In its streaming incarnation, The Female Genius is divided into six episodes that each run to just around or under ten minutes. The six installments, each built around two or three characters, center on female writers from across almost two centuries. In the first, "It's Alive, " Mary Shelley (Krysten Wagner) propositions Lord Byron (director Cameron Darwin Bossert, also responsible for the music) during that famous summer of 1816. The second, "The Bitch of Amherst," gives us an Emily Dickinson (Bambi Everson) who is not only vociferously uninterested in receiving the visitor, Thomas Higginson (Timothy Thomas), announced by her sister, Lavinia (Amy Lynn Stewart), but is also just about as far from the 19th-century ideal of the angel in the house as it is possible to get. The third, "A Rose is a Rose," moves us into the 1920s and the height of the modernist movement, with Alice B. Toklas (Meghan E. Jones) questioning the gendered roles in her relationship with Gertrude Stein (Amy Lynn Stewart) and why it is that men are the writers. The next two episodes both take place in the early 1950s. "The Disciple" sees Ayn Rand (Maja Wampuszyc) pushing Nathaniel (Cameron Darwin Bossert), whom she has just met and who proclaims that she and Joseph McCarthy are the only ones "getting things right," to act on the philosophy that he claims to admire—specifically the part about how real men simply take what they want, and that includes women. "Separate But Equal," the most tonally serious of these short plays, involves a "believer" of a different kind, as a representative of the pro-school-segregation Southerners for America Committee (Timothy Thomas) attempts to ensure that Zora Neale Hurston (Delissa Reynolds) will indeed deliver the type of speech against integration for which they paid her in advance. Finally, in "Joanne," we jump ahead to the mid-1990s (which itself feels a bit like the distant past right now) and a harried Joanne, later J.K., Rowling (Meghan E. Jones) whose babysitter Kirsty (Krysten Wagner), along with emphasizing that she isn't willing to donate her services anymore, asks why Rowling doesn't just write a mass-market bestseller.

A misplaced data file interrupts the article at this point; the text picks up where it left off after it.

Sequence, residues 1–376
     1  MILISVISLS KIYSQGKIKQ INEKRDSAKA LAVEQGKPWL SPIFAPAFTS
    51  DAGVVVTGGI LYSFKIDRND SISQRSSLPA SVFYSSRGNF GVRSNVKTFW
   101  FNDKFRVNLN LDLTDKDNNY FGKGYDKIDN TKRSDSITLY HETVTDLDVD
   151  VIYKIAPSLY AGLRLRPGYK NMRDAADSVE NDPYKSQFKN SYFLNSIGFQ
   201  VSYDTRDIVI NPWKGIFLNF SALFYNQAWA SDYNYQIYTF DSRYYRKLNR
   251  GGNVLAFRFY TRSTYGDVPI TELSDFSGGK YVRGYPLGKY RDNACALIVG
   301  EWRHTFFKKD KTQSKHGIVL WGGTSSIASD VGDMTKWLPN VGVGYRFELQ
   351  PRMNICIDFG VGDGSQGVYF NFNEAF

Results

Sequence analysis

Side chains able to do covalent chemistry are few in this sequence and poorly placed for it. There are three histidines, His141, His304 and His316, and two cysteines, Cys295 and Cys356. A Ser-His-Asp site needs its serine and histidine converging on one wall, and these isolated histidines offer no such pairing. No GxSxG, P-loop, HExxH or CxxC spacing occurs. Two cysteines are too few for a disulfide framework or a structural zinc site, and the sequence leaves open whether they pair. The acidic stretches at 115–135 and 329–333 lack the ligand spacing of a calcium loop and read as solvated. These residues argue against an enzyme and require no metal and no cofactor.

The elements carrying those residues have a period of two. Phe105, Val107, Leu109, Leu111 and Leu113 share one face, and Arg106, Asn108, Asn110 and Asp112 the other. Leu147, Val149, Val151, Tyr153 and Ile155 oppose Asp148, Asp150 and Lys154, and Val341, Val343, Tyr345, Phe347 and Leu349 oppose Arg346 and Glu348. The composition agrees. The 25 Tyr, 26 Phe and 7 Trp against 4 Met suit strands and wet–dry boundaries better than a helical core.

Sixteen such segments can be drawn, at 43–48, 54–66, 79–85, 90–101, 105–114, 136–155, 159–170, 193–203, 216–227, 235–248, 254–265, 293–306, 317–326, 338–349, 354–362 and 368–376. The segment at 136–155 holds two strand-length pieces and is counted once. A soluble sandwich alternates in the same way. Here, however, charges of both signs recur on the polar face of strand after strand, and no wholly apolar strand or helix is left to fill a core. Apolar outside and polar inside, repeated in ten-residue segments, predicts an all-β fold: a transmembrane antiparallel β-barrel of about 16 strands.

Delissa Reynolds and Timothy Thomas. Photo courtesy Karen Greco PR.